Now that the design and structure of the website is pretty much taken care of, we’re nearly ready to start making pages from the template we’ve created - yay!
First though… we need to create editable regions on the template. These dictate which areas can be edited on a page level, and which can only be edited site-wide from the template. The idea is to save yourself time - if the footer is going to be exactly the same across the entire website, it would handy if you only had to change it once - and then for all the rest to update automatically.
In this respect a Dreamweaver template (for those graphic designers amongst you) is just like the Master Pages in an InDesign or Quark document.
Worth mentioning at this stage is that a new Dreamweaver Template automatically inserts two editable regions for you within the <head> tag (figure 1). One is for the page <title> which should change for every page, and the other for any other head items (such as META Tags) which you might want to change across the pages of the site.
This website focuses primarily on creating a 'static' website rather than a content managed website. However, I still use Dreamweaver when working with dynamic sites - and WordPress is my CMS of choice.
WordPress is by far the most used content management system on the planet - and if you want to dip your toe into creating database-driven websites, this is the one I'd suggest you use. In order to side-step overly complex coding, I use Toolset plugins to help me create complex functionality without worrying about how to code. I highly recommend you check them out if you want to move to WordPress development and you're concerned about PHP coding.
These don’t appear in Design View, but they do appear in the Head Content, encapsulated within a cyan bordered box (figure 2). If the Head Content isn’t visible, select:
Anything shown within this blue box will be editable on individual pages.
The downside of using editable regions is that if you have a site-wide change to make that affects items within editable regions, altering the template alone will leave them unchanged - you’ll have to edit every page individually.
In figure 3 I’ve highlighted the DIV Tags which will need to change page by page. The contextual panels on the right of the screen won’t need their own editable regions because their DIV code is placed within the flow of the main text panel - they just appear outside it. So that’s one less thing to think about - figure 4 shows the actual DIV tag areas which need to be tagged as editable regions.
The first editable region I’m going to create is for the breadcrumb trail in the header. Select the DIV Tag breadcrumb-trail in Design View and ensure that the whole DIV Tag is selected in Code view as well (figure 5).
Insert/Template Objects/Editable Region
(See figure 6).
A New Editable Region dialogue box will appear - give it the name Breadcrumbs. Now if you look at the Design View you’ll see a blue tabbed box has appeared called ‘Breadcrumbs’. In Code View the DIV Tag will now look like this:
<!-- TemplateBeginEditable name="Breadcrumbs" -->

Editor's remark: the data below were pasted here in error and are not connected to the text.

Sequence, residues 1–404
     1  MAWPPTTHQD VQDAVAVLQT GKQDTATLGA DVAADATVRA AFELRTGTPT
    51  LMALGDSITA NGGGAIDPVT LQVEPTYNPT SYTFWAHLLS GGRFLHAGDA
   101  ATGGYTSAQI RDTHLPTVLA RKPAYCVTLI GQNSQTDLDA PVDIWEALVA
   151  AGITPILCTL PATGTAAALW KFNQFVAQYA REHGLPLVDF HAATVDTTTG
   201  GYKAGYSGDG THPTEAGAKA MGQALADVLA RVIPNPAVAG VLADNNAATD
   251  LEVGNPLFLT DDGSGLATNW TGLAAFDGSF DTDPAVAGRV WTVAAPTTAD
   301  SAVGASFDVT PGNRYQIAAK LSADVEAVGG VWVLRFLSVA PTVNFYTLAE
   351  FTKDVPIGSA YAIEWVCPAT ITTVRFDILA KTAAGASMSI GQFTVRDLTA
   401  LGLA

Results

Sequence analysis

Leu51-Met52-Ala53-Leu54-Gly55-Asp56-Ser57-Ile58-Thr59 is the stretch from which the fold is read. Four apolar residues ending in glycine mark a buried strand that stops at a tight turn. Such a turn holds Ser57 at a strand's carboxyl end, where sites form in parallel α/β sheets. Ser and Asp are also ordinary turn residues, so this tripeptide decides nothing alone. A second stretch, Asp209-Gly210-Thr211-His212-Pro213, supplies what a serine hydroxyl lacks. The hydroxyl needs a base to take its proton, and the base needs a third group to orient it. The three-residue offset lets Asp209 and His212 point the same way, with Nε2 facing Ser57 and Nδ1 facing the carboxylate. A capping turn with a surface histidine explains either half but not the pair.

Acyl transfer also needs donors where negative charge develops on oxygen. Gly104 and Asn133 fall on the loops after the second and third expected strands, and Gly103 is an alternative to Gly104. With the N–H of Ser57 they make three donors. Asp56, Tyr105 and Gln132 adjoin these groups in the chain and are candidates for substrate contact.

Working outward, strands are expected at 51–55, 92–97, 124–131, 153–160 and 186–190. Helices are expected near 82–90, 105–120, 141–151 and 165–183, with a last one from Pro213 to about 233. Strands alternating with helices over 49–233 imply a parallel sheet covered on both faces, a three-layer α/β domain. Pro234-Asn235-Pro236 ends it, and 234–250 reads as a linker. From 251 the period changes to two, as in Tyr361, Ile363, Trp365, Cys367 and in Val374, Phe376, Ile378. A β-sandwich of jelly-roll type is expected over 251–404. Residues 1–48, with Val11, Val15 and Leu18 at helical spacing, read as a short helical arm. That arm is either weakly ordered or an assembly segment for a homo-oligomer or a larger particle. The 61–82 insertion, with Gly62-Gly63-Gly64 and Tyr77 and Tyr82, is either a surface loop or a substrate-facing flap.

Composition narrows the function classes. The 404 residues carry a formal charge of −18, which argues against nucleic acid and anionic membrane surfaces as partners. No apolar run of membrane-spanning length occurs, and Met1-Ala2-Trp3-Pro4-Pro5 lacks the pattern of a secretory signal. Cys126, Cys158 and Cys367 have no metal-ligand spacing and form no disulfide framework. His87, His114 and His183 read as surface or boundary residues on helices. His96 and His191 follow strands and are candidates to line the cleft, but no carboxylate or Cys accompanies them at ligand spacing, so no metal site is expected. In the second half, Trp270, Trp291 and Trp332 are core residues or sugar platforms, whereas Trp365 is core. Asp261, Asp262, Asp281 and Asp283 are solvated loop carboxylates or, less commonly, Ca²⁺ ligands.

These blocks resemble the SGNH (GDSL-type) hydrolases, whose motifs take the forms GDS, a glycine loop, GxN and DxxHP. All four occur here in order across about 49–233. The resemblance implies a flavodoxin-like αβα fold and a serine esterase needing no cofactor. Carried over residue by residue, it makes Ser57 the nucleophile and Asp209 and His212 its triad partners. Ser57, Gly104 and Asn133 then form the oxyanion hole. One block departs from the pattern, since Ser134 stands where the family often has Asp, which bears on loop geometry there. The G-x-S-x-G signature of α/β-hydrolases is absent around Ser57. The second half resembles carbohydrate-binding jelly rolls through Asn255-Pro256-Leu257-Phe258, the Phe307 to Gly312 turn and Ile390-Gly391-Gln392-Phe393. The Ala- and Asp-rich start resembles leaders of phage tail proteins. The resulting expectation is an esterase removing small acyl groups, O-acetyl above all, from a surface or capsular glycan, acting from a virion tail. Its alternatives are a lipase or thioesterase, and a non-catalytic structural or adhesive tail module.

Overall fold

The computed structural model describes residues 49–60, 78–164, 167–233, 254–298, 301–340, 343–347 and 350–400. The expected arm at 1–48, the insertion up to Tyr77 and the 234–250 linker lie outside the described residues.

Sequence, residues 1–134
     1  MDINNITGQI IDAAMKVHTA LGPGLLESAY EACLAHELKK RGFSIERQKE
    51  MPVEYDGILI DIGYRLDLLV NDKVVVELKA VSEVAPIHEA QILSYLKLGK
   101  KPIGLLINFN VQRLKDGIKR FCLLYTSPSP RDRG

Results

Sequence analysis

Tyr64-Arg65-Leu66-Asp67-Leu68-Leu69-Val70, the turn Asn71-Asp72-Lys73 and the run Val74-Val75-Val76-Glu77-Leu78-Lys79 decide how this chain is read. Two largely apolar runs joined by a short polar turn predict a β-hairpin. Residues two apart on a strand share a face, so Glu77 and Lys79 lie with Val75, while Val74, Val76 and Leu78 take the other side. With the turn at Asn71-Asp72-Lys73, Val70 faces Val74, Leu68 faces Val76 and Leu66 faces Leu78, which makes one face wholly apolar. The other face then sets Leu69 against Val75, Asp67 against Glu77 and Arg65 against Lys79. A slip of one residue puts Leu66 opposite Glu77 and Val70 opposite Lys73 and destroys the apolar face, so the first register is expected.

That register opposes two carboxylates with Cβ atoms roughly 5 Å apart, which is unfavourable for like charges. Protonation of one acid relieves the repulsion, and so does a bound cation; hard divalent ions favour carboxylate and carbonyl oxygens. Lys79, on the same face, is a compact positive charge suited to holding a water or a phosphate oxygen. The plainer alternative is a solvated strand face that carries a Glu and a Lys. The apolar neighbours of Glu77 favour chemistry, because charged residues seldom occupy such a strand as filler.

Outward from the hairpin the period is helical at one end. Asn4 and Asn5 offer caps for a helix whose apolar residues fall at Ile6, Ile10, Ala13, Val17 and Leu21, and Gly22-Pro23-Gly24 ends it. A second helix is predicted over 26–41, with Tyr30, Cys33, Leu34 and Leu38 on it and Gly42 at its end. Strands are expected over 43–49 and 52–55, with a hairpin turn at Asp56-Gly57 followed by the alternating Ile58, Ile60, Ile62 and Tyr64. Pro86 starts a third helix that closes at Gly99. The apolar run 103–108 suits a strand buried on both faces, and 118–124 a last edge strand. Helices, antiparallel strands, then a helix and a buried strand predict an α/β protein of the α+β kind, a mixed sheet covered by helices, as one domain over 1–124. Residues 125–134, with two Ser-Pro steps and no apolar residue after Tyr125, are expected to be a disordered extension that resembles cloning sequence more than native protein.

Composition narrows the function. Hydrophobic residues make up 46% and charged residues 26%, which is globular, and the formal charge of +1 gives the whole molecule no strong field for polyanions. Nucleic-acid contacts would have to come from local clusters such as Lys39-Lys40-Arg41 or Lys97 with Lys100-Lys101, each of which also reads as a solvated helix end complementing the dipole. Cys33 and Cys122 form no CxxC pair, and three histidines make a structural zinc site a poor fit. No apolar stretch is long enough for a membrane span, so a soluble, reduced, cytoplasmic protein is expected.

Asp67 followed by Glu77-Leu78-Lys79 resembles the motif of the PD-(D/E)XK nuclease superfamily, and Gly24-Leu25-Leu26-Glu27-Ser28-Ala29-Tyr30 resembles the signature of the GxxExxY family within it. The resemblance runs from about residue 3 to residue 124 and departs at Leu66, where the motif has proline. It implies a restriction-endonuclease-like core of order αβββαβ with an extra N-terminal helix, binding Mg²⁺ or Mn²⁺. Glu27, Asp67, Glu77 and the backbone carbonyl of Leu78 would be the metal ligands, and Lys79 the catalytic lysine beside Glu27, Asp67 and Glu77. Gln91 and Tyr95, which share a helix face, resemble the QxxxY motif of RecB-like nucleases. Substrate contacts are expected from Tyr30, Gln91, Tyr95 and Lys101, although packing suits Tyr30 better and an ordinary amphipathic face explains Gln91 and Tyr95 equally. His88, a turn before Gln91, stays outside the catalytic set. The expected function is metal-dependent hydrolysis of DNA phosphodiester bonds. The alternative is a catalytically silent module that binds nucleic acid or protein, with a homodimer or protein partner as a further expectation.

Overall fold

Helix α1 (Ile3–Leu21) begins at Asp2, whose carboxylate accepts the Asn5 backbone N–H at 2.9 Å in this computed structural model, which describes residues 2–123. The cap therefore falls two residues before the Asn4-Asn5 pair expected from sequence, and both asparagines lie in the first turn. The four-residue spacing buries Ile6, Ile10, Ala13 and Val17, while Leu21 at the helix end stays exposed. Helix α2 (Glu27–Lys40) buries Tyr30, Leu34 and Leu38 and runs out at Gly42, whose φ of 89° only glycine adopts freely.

<div id="breadcrumb-trail">home > <a href="#">link</a>
<!-- TemplateEndEditable --></div>
The TemplateBeginEditable and TemplateEndEditable tags shown above are (hopefully) self-explanatory. Everything in between the opening and closing tags will be editable on any pages that use this template.
Next we’ll make the top navigation bar an editable region. I’m going to make the whole navigation container editable rather than individual tabs.
To achieve this, select the menu-container DIV Tag in Design View and click on the scroll bar of the Code View pane to make it active. The resulting selection should resemble figure 7.
Insert/Template Objects/Editable Region
Call this one TopNavigation.
Repeat the process for ud-left-panel (the contextual side menu on the left of the screen). Call its Editable Region SideMenu (figure 8).
Repeat the process once more for the body-content DIV Tag, calling the new region BodyContent (figure 9).
That’s it for editable regions. Save the template and test it by creating a new page based on the template you just saved. Select:
...and choose Page From Template. The first column shows your site (select it) and the second column shows the templates within that site (one should appear: using-dreamweaver-template). Select it (a preview will appear), make sure the ‘Update page when template changes’ box is checked and click CREATE…
A new page will appear looking much like your template - except that when you hover your cursor over a non-editable area (like the footer) a ‘no entry’ sign will appear indicating that you can’t edit that area.
Look at the Code View pane. All the areas you can’t edit will be grayed out.
Some areas of the site (like the top navigation menu) will remain the same for many pages, but change across categories. So if you add a new menu item it would be nice not to have to edit the menu site-wide, right?... Right.
But because the tabs need to be altered slightly when a new category is visited, adding the top navigation to the template is impractical unless you want the appearance of the tabs to remain unchanged when they’re selected.
So what’s the answer? If you're using Dreamweaver, the simplest option is to use Library Items. A library item is like a snippit of a template which can be placed on individual pages, and like a template, when they're edited they change every instance of that item site-wide.
The way this site has been created we’ll need to create as many library versions of the top menu bar as there are main categories - but better to edit six or seven items rather than (potentially) hundreds of pages of subcategory items. But more about Library Items later…